Budget problems are forcing states and the federal government to rethink their approach to prisons, says NPR. Adam Gelb of the Pew Center on the States told a U.S. House appropriations panel last week that, “It costs 23 times as much to have somebody behind the walls as it does in the community, and I think that disparity is what’s becoming compelling.”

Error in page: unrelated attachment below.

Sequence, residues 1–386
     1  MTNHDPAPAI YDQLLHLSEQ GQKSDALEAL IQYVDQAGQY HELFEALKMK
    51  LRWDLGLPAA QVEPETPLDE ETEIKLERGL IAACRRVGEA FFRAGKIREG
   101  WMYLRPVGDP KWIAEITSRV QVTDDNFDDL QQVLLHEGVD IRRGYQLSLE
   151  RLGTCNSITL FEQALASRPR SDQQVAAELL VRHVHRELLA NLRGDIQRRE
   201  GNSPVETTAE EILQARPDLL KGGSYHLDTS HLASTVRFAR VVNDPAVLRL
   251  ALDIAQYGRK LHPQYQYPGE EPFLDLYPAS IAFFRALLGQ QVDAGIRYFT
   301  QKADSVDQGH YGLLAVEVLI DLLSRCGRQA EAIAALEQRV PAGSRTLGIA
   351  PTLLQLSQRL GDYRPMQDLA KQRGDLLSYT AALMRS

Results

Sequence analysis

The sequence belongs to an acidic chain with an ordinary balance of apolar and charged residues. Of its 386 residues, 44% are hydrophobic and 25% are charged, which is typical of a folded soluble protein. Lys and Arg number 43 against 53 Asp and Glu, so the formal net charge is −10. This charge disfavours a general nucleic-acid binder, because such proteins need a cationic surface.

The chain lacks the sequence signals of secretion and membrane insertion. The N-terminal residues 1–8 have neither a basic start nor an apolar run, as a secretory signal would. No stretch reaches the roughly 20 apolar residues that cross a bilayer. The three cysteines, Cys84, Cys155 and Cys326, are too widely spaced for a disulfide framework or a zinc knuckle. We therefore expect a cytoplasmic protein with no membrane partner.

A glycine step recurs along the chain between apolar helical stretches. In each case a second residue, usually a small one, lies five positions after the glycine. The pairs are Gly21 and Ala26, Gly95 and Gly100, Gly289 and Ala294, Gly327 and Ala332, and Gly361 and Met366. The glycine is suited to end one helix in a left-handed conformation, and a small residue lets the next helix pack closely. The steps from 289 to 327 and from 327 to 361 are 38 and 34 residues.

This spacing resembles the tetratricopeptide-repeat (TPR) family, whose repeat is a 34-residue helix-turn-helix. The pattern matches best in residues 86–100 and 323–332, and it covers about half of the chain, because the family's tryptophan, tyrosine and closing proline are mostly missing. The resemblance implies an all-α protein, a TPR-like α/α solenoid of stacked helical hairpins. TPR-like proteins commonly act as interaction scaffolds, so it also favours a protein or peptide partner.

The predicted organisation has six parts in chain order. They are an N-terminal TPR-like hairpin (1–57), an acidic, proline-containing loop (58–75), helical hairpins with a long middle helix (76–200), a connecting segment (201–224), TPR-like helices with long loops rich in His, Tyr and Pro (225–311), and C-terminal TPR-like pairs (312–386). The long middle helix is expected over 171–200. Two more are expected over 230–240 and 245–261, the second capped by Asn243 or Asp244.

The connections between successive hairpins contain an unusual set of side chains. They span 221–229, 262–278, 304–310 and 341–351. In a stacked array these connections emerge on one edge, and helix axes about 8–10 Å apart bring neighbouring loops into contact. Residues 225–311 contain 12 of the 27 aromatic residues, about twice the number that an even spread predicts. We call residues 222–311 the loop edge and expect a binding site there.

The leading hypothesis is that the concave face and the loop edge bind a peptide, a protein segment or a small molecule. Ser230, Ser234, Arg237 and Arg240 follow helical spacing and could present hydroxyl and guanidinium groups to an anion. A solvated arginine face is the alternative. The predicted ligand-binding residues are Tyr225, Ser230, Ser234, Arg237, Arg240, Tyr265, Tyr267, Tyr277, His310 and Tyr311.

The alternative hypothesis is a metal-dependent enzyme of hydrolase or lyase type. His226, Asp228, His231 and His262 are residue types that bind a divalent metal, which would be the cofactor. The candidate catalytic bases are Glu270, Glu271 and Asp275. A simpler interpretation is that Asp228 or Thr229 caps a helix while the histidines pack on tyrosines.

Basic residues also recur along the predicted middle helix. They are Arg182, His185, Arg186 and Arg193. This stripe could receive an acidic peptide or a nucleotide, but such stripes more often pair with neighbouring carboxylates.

“The economic situation that we’re in is certainly nothing to celebrate,” says the Justice Department’s James Burch. “But at the same time, it has served as an effective catalyst to get people to look at the facts and look at the data and to be more reasonable about the decisions that we’re making.” Those decisions are reflected in President Obama’s proposed fiscal 2012 budget, which includes a plan to save $41 million by releasing well-behaved inmates. Experts say the key is to evaluate each prisoner and the risk he poses to the community, just like an insurance company would before writing a policy to cover someone’s house or car.